libc++ Performance (compared to libstdc++)

Hi everyone,

I was chatting with Marshall offline last week, and I mentioned that several of my users had noted general performance regressions switching from libstdc++ to libc++. Marshall said that he's heard similar things, but has received few specific reports. He did recall looking at the problem which I believe is described here (Careful With That STL map insert, Eugene · Aras' website), which is still a problem. I'll certainly admit that I'd not investigated most of these in detail (with the exception of a std::complex -ffast-math issue, ⚙ D18639 Use __builtin_isnan/isinf/isfinite in complex). We do have a few performance-related libc++ bugs open:

21192 – Reading from stdin is 10x slower than libstdc++ - Reading from stdin is 1-2 orders of magnitude slower than using libstdc++ [I just tested this myself and updated the bug report].
19708 – libc++'s std::find is about 50% slower than the libstdc++'s - std::find is significantly slower than libstdc++.
20837 – libc++ std::sort has O(n^2) worst case, standard mandates O(N log(N)) - libc++'s std::sort is O(N^2) in the worst case (instead of O(N*ln(N))).
26886 – std::stable_sort exceeds maximum complexity defined by c++11 standard - libc++'s std::stable_sort also has a worst-case complexity issue.
15456 – A faster implementation of std::function - A faster implementation of std::function is possible
16747 – Poor performance of degenerated unordered_multimap and 21275 – Performance of unordered_multimap::insert much slower than GCC 4.8.2 - Our unordered_multimap insert is much slower than libstdc++'s. In PR16747, Howard interestingly explains libc++ has this problem because of an additional (i.e. not-required-by-the-standard) guarantee that libc++ provides regarding member ordering.

but very few are related to containers.

Baptiste Wicht has a benchmark covering use of several common standard algorithms with vectors, lists and dqueues (articles/bench.cpp at master · wichtounet/articles · GitHub) which he used for his post C++ benchmark – std::vector VS std::list VS std::deque | Blog blog("Baptiste Wicht");, and I've compiled this using LLVM/Clang/libc++ r271873 @ -O3, using both libc++ and libstdc++ 4.8.5, and run on an Intel Xeon E5-2699 v3 @ 2.30GHz running Linux 3.10.0. If you try this yourself, note that even on a fast machine the benchmark takes several hours to run.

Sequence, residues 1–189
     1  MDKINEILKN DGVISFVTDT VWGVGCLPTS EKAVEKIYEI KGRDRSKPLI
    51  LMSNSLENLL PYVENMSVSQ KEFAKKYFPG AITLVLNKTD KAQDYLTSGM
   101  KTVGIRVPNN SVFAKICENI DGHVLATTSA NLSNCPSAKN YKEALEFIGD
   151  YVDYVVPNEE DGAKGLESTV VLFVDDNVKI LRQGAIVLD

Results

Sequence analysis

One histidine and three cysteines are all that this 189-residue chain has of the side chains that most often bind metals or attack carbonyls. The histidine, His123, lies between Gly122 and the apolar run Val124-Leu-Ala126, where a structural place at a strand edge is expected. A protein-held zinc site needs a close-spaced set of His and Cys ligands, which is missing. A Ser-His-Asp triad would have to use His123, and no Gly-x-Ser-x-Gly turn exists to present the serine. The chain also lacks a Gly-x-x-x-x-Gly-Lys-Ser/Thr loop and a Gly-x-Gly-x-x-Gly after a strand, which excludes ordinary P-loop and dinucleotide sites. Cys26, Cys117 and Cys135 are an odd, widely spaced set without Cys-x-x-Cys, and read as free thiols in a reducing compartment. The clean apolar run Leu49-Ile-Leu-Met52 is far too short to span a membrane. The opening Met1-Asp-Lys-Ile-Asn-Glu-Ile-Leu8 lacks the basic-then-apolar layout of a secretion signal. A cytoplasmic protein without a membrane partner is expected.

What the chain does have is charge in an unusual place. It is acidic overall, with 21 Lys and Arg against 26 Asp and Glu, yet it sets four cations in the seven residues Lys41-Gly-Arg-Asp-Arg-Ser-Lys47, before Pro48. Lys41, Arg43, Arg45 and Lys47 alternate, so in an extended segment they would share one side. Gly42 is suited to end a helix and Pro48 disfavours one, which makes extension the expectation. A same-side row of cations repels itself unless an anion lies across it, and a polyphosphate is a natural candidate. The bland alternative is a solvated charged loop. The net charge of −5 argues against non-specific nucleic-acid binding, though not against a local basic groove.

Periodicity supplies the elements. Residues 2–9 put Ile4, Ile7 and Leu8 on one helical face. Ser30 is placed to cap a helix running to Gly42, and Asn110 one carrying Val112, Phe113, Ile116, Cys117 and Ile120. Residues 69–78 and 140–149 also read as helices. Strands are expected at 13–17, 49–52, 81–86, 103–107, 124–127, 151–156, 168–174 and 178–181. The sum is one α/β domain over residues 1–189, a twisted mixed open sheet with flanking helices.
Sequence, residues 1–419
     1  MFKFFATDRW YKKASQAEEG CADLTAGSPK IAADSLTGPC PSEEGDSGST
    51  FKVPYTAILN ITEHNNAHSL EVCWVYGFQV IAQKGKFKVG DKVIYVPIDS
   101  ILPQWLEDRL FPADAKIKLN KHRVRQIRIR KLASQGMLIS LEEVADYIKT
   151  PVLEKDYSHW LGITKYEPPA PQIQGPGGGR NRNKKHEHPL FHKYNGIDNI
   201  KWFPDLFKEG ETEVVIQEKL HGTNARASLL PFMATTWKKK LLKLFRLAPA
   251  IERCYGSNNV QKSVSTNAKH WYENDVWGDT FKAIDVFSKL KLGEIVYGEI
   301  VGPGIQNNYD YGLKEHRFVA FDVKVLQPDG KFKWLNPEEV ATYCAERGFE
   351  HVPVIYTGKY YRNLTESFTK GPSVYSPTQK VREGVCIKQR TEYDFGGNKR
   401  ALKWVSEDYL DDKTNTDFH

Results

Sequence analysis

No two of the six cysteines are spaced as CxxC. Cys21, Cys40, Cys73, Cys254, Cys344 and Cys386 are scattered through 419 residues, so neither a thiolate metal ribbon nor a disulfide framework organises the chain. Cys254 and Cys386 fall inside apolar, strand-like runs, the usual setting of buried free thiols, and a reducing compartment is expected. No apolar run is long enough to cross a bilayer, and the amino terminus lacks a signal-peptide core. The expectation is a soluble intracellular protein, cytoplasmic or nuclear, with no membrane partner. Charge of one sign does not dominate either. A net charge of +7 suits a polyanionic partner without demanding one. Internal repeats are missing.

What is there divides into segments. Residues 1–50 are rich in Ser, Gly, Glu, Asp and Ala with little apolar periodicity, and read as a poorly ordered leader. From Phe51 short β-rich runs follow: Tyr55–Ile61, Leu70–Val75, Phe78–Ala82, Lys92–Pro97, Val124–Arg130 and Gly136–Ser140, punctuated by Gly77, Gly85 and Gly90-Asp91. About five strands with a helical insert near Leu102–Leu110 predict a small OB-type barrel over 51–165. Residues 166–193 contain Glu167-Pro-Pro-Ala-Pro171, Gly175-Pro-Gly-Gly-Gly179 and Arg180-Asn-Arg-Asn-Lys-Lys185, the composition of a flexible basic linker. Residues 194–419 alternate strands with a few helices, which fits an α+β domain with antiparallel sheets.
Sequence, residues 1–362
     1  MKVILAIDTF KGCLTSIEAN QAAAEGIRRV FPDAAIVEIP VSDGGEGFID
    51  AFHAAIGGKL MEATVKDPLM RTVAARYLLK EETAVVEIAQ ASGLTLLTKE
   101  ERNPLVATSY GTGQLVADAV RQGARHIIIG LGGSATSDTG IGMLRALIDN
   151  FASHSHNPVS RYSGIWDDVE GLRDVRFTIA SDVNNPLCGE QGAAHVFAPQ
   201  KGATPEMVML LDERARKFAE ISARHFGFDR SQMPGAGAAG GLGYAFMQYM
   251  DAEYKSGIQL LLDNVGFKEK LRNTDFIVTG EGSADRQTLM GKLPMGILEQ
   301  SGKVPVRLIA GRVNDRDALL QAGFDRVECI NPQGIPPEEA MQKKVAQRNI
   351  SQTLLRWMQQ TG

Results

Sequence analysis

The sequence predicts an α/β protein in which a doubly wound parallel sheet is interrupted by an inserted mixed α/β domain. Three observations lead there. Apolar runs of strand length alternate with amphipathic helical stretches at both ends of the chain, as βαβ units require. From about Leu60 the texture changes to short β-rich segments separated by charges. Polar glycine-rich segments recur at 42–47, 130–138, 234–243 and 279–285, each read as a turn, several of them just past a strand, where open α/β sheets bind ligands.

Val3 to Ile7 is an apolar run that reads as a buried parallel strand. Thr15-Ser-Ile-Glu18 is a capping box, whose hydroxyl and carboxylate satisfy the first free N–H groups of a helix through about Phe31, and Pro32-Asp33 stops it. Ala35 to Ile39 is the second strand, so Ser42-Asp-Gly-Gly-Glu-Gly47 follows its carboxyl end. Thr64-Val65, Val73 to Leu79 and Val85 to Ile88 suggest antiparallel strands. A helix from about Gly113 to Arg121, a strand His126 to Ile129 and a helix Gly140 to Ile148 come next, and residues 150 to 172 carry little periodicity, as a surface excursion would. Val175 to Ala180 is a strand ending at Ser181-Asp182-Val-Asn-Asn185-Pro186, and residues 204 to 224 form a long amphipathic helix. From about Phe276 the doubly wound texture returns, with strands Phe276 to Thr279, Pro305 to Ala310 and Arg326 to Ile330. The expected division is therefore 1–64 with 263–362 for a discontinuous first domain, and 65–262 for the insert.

$ clang++ -std=c++11 -O3 -I../../include -I../../../boost_1_61_0 bench.cpp ../demangle.cpp ../graphs.cpp -o /tmp/b-gnu
$ clang++ -std=c++11 -stdlib=libc++ -O3 -I../../include -I../../../boost_1_61_0 bench.cpp ../demangle.cpp ../graphs.cpp -o /tmp/b-llvm

Of the 248 tests, libc++ was faster by at least 5% in 58 of the tests and libstdc++ was faster by at least 5% in 94 of the tests. libc++ was faster by at least 20% in 14 of the tests and libstdc++ was faster by at least 20% in 64 of the tests. The real problem, however, comes from the extremums. libc++ is never more than 65% faster than libstdc++:

destruction___Trivial_128_ list -0.65
destruction___Trivial_4096_ vector -0.40
destruction___Trivial_1024_ list -0.38
destruction___Trivial_1024_ vector -0.37
random_remove___NonTrivialArray_32_ vector -0.3

but libc++ is sometimes over 10x slower than libstdc++:

fill_back___NonTrivialStringMovable list_inserter 9.96
fill_back___NonTrivialStringMovable vector_reserve 10.21
fill_back___NonTrivialStringMovableNoExcept vector_reserve 10.82
fill_back___NonTrivialStringMovableNoExcept vector_inserter 11.15
fill_back___NonTrivialStringMovable vector_inserter 11.93

I've attached the full list.

A second benchmark, http://beta.visl.sdu.dk/svn/visl/tools/benchmarks/src/set.cpp (C++ Set Performance 2 « A howl on the wind…), modified only to repeat each test 30 instead of 7 times, and compiled as before:

uint32_t std::set erase: -0.37
std::string std::set erase: -0.30
std::string std::set insertion: -0.23
std::string std::unordered_set erase: -0.16
std::string std::unordered_set iterate: -0.15
std::string std::set lookup: -0.15
uint32_t std::set insertion: -0.13
uint32_t std::unordered_set iterate: -0.072
std::string std::set iterate: -0.062
uint32_t std::set iterate: -0.054
uint32_t std::set lookup: -0.015
uint32_t std::unordered_set erase: 0.085
std::string std::unordered_set insertion: 0.22
std::string std::unordered_set lookup: 0.30
uint32_t std::unordered_set insertion: 0.51
uint32_t std::unordered_set lookup: 0.61

In this benchmark, libc++ beats libstdc++ by more than 5% in 10 tests, and libstdc++ beats libc++ by more than 5% in 5 tests. Again, however, libc++'s downside is larger, being up to 61% slower (in the 'uint32_t std::unordered_set lookup' test) than libstdc++. libstdc++ loses only by 37% to libc++, at most, in the 'uint32_t std::set erase' test. Also, I can easily imagine that users are more-likely to notice a performance difference in lookup than in erase.

To pick another benchmark, I compiled and ran the one from Data-Oriented Hash Table – Nathan Reed’s coding blog - and this must be good because the post ends with, "And remember, if Chandler Carruth and Mike Acton give you advice about data structures, listen to them. ;)". I modified the benchmark only by adding constexpr to min() and max() of XorshiftRNG to make it compile with libc++. This benchmarks many configurations and takes nearly an hour to run. I'll summarize the results I'll say that libc++ is almost always slower than libstdc++, and that as the element size and/or the number of elements increases it gets worse. Here are the relative timing differences; these are tests for unordered_map: